During his visit to Poland, Elon Musk advocates for media freedom

During a conference in Krakow, Elon Musk emphasized the importance of freedom of speech and media as key defenses against indoctrination, propaganda, and the teaching of hatred

editor: Grzegorz Adamczyk
author: interia.pl
Tesla and SpaceX's CEO Elon Musk gestures during an interview with Ben Shapiro at the European Jewish Association's conference, in Krakow, Poland, Monday, Jan. 22, 2024. (AP Photo/Czarek Sokolowski)

Elon Musk, the owner of platform X, stated in Kraków on Monday, during a discussion with American commentator Ben Shapiro about anti-Semitism, that he was previously naive to believe it could not resurface.

“In my bubble, there was virtually no such phenomenon,” he admitted. Musk highlighted that “if freedom of speech and social media existed during the times of Auschwitz, the Holocaust would have been impossible.”

Musk said he believes no one is born with hatred toward others and stressed the vital need for human interaction, evidenced by solitary confinement being the harshest prison punishment.

Addressing the Hamas attacks on Israel and the rising wave of anti-Semitism, Musk remarked that people hate others when they are subjected to some form of indoctrination.

“That’s why I think the most important thing is to fight such indoctrination,” he said.

In Kraków, Musk and Shapiro claimed the need to halt the indoctrination of hatred of Israel, particularly in the Gaza Strip. They said that anti-Semitic incidents at American universities were a sign that it could happen even in the U.S., including in “very diverse” environments.

Musk pointed out that independent audits showed significantly fewer anti-Semitic content on platform X compared to other services, especially TikTok.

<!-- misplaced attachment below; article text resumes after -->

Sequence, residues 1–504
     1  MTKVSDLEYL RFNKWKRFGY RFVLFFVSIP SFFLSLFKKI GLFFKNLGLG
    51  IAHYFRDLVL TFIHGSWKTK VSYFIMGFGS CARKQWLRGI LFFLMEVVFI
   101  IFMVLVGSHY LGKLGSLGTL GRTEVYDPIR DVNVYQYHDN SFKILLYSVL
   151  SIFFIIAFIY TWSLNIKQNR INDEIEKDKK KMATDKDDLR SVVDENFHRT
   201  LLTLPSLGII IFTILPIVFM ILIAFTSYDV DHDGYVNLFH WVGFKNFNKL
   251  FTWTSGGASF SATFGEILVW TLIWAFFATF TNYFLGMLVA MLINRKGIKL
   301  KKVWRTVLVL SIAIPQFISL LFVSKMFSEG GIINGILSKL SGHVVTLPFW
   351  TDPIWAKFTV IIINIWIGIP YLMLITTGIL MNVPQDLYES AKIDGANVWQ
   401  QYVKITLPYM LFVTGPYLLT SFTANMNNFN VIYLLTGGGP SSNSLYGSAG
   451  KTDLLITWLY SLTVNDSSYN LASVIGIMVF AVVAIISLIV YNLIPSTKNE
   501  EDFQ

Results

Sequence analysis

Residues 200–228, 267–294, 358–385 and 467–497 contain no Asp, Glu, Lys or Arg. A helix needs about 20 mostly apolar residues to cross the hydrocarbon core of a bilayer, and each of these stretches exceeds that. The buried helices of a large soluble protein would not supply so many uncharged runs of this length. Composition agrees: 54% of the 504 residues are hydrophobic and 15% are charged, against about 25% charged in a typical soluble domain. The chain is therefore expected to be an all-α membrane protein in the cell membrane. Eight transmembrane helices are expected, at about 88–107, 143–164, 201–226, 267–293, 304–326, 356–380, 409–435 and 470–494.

The billionaire also spoke about the condition of contemporary media. “I believe there should be an organic rule in media that people decide what is most important in the media, not a group of editors,” he said. “There are probably about five editors-in-chief in the entire United States who decide what should be on the front pages of newspapers,” he added.

Musk appeared during the International Holocaust Remembrance Day events in Kraków and the former German Nazi concentration camp Auschwitz; he also attended a conference on anti-Semitism organized by the European Jewish Association (EJA).

He was invited to the symposium following accusations of anti-Semitism last fall when he agreed with an anonymous user on platform X who claimed Jewish communities promote “hatred against whites” and are responsible for bringing in “hordes of minorities flooding the country.”

Musk later admitted his statement was “one of the stupidest things” he had done. This post was condemned by the White House, and many major advertisers, including the Disney corporation, which announced a boycott of the platform. Following this controversy, Musk visited Israel, meeting with President Isaac Herzog and going to sites attacked by Hamas terrorists on Oct. 7 last year.

.
tend: 1709599660.1159